Regarding Article 9 of the Convention (freedom of religion), the ECHR rejects the Russian state’s claim that the Jehovah’s Witnesses did not have appropriate documents for the meeting. “The government never specified the nature of the allegedly missing documents,” it points out, while Russia’s Supreme Court has twice confirmed that “religious assemblies [in premises provided for religious purposes] do not require any prior authorisation from, or notification to, the authorities.”
The ECHR also states that Russia’s 1992 Education Law “does not prohibit the physical use of college space by third parties, but rather the clericalisation of schools through the setting up of religious structures involving students and/or staff.” If there were a defect in the lease, it adds, this would be a matter of concern only to the two signatory parties. Forum 18 notes that the 1997 Religion Law’s official commentary clearly states that premises provided for the use of an unregistered religious group “may be the property of one of the members of the group or rented by one of them.”
The ECHR ruling also points to the lack of evidence that Yekaterina Gorina was following up an official complaint about the unauthorised presence of children. In any case, it adds, she had no authority to issue orders to police officers; “therefore the legal basis for breaking up a religious event conducted on the premises lawfully rented for that purpose was conspicuously lacking.”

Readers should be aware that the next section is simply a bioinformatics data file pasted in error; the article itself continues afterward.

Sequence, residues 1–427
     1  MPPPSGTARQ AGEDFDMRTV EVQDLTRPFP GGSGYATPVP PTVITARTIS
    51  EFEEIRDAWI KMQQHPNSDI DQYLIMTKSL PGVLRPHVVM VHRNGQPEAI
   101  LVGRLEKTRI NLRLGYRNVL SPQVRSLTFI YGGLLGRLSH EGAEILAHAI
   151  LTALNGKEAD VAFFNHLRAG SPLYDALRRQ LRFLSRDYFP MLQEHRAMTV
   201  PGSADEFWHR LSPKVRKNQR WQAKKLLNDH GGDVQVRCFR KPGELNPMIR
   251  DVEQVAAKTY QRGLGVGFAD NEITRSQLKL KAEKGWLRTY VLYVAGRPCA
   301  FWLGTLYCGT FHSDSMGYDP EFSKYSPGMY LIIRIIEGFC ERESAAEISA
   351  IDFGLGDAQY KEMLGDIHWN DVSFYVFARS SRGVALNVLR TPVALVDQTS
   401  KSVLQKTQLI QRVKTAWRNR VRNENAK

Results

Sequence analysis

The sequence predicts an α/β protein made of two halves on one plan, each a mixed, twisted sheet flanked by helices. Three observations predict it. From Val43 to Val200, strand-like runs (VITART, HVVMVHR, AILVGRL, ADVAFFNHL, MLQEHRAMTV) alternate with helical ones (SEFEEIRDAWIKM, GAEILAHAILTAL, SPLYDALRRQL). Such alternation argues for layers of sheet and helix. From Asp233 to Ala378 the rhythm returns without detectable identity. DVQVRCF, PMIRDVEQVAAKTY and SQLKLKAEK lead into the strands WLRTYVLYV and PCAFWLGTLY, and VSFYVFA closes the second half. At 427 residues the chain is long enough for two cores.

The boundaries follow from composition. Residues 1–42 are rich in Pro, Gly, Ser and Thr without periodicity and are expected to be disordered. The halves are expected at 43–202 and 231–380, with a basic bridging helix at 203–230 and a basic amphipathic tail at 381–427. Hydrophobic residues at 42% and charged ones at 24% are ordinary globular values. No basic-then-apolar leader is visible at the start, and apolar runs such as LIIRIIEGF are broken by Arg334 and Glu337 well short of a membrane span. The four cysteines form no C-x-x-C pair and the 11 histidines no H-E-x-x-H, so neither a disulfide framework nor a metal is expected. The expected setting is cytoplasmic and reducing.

Regarding Article 6 (the right to a fair hearing), the ECHR criticises Soviet District Court for remaining silent on the “crucial point” of the Jehovah’s Witnesses’ testimony confirming that the three officials had ordered their worship meeting to be halted. Whereas “an authority is obliged to justify its activities by giving reasons for its decisions,” it declares, Chelyabinsk Regional Court “repeated verbatim the reasoning of the District Court” and “did not address the arguments set out in the statement of appeal.” In this way, the ECHR concludes, “the domestic courts failed in their duty to state the reasons on which their decisions are based and to demonstrate that the parties had been heard in a fair and equitable manner.”
The Chelyabinsk Jehovah’s Witnesses lodged their case with the ECHR on 17 December 2001, and it was declared admissible on 9 September 2004. Sivulsky of the Jehovah’s Witnesses told Forum 18 that the community currently rents premises for worship without obstruction.
Russian Jehovah’s Witnesses lodged another case with the ECHR on 25 October 2001 due to the excessively drawn-out nature of a trial seeking to ban their Moscow organisation. With the culmination of that trial in a ban in 2004 (see F18News 17 June 2004 http://www.forum18.org/Archive.php?article_id=344), the ECHR accepted a request for its lawfulness to be considered as part of the Jehovah’s Witnesses’ pending case.
With some notable exceptions (see F18News 22 June 2005 http://www.forum18.org/Archive.php?article_id=591), the Moscow ban has so far remained largely unenforced. (END)
For a personal commentary by an Old Believer about continuing denial of equality to Russia’s religious minorities see F18News http://www.forum18.org/Archive.php?article_id=570
For more background see Forum 18’s Russia religious freedom survey at http://www.forum18.org/Archive.php?article_id=509